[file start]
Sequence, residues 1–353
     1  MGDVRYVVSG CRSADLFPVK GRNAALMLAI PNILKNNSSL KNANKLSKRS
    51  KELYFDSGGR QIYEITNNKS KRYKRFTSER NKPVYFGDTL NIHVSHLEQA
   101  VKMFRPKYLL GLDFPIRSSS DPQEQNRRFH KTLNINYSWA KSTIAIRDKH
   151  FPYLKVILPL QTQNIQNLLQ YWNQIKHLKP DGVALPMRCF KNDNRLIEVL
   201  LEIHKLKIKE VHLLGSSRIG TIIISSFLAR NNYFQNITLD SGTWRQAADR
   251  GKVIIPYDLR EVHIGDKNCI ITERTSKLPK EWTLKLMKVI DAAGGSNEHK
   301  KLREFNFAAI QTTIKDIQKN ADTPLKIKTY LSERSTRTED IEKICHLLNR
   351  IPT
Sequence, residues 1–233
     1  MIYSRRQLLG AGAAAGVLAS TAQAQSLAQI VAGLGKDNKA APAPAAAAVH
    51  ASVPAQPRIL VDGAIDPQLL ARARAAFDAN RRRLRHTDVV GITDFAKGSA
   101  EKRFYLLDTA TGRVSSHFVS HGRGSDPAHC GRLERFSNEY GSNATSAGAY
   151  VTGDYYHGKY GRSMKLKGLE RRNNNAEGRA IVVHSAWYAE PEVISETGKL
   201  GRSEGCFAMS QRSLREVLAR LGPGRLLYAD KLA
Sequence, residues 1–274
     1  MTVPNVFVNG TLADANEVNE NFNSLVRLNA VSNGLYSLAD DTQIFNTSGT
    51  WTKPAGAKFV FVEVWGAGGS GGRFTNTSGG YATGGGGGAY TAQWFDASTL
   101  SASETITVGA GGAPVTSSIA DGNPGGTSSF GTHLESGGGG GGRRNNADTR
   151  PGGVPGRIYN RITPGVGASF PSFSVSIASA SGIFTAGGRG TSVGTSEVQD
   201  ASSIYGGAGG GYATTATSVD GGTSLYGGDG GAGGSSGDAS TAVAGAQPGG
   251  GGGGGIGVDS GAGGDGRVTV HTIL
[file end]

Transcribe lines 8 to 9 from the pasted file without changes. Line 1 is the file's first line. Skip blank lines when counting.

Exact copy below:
   301  KLREFNFAAI QTTIKDIQKN ADTPLKIKTY LSERSTRTED IEKICHLLNR
   351  IPT